Alongside this initiative from the recruitment agency associations, the government has a responsibility to migrant workers and businesses. The labour ministry should also continue to support Acra and MAC’s efforts, and play their complementary role of ensuring that recruitment agencies follow the conditions in the licences and the law.

The ILO was encouraged to see statements by government officials indicating that Cambodia is ready to cap the amounts chargeable to migrant workers under the law, bringing Cambodia in line with Myanmar and Thailand that place strict regulations on how much workers can pay.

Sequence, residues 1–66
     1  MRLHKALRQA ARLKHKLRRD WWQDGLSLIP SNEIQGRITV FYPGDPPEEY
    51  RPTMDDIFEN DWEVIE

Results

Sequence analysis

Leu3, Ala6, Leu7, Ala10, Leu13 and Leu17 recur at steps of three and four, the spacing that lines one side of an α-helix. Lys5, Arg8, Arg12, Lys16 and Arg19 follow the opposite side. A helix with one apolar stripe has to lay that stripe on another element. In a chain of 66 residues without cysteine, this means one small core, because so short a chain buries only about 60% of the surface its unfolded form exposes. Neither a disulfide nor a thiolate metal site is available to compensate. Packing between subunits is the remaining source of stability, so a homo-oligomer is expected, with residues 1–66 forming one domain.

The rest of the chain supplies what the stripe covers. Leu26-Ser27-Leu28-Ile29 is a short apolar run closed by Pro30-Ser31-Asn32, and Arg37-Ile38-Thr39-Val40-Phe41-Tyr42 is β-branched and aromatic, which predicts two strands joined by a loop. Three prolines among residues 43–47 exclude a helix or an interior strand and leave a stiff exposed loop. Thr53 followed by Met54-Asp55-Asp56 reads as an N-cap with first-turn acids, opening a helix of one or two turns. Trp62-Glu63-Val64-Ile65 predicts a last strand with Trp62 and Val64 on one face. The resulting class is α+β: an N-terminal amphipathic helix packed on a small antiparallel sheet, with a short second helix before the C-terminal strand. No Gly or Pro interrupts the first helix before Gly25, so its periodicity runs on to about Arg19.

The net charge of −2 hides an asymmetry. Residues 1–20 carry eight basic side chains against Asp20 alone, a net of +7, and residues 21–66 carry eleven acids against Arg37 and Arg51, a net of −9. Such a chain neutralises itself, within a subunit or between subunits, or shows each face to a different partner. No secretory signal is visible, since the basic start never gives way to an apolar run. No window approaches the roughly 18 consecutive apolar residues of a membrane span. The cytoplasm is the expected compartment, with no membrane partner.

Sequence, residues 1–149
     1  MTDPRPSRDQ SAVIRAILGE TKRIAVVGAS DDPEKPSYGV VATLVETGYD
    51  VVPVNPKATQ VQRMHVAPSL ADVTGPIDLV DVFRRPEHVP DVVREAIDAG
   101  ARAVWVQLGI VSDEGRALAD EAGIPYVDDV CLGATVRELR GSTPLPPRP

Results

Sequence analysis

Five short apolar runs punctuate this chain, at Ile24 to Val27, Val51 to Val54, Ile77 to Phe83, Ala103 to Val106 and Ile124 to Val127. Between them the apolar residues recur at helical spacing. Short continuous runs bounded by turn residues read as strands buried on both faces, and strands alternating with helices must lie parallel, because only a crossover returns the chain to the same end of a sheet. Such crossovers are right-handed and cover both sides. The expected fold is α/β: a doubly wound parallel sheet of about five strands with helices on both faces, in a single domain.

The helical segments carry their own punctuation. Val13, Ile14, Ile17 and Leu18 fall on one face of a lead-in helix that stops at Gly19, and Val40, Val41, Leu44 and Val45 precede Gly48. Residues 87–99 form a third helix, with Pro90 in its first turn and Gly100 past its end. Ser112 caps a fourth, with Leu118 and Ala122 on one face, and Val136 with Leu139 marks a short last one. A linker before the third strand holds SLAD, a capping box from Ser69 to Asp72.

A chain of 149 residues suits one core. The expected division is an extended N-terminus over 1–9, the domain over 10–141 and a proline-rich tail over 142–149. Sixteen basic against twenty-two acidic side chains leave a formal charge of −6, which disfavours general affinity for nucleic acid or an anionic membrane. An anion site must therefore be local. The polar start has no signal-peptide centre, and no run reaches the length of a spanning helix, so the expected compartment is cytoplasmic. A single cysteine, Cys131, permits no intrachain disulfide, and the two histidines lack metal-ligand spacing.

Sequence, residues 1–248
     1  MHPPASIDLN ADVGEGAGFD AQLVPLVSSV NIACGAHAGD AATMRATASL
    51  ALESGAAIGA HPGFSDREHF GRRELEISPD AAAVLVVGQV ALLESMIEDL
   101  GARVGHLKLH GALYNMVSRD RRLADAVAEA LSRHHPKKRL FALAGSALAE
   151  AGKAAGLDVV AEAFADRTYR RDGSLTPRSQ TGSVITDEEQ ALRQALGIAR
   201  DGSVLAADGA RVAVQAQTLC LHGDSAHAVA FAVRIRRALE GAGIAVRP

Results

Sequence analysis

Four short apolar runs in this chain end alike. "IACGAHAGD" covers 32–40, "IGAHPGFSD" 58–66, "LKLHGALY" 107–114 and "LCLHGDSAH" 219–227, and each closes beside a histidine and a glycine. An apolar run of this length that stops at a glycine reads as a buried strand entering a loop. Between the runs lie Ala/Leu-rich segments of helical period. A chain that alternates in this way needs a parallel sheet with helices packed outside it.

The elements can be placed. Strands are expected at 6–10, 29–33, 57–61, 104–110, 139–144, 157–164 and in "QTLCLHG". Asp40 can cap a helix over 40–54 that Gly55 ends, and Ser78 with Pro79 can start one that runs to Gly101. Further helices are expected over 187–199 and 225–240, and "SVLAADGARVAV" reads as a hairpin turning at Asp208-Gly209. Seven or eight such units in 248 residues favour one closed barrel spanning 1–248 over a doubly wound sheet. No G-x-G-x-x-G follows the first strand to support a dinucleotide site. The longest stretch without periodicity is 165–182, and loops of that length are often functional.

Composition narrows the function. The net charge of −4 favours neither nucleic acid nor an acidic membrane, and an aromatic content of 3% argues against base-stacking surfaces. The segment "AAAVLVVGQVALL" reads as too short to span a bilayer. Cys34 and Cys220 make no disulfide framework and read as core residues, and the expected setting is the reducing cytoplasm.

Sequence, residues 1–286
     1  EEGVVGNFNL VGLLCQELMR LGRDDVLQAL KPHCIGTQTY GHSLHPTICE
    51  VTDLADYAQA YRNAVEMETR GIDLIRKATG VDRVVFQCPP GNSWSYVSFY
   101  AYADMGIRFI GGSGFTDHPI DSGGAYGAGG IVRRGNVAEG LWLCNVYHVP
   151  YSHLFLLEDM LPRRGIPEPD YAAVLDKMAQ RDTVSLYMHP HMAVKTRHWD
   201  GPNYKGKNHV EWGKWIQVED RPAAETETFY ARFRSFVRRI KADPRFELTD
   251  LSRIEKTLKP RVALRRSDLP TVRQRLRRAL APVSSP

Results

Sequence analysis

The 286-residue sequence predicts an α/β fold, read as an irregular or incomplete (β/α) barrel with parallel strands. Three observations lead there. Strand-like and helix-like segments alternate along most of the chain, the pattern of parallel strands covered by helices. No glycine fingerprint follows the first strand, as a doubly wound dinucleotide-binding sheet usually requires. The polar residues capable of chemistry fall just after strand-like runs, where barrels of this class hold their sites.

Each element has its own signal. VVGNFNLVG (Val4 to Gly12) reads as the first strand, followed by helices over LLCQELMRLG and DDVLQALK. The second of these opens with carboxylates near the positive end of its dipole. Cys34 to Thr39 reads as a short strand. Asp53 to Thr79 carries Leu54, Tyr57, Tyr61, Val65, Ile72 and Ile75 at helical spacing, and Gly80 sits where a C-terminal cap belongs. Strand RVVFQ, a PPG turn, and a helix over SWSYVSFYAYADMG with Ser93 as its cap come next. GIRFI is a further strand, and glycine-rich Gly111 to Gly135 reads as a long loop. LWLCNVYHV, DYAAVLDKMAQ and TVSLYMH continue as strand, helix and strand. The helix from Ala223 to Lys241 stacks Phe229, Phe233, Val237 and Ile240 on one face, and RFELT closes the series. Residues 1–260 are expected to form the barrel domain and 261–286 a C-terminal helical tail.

Since the passing of the sub-decree 190 on labour migration nearly a decade ago, there has been a gap relating to the regulation of fees and costs payable by migrant workers. The ILO is ready to provide any assistance required to close this gap.

Cambodia became a member of the ILO over 50 years ago, and the Code of Conduct is another achievement in our longstanding partnership with the Cambodian government, employers and workers. The ILO remains committed to support Cambodia in making the most out of migration.

Anna Engblom is Chief Technical Adviser to the Triangle in Asean programme. Since 2015, through the Triangle in Asean programme, the ILO has been delivering technical assistance and support with the overall goal of maximising the contribution of labour migration to equitable, inclusive and stable growth.


  • Khmer New Year holidays postponed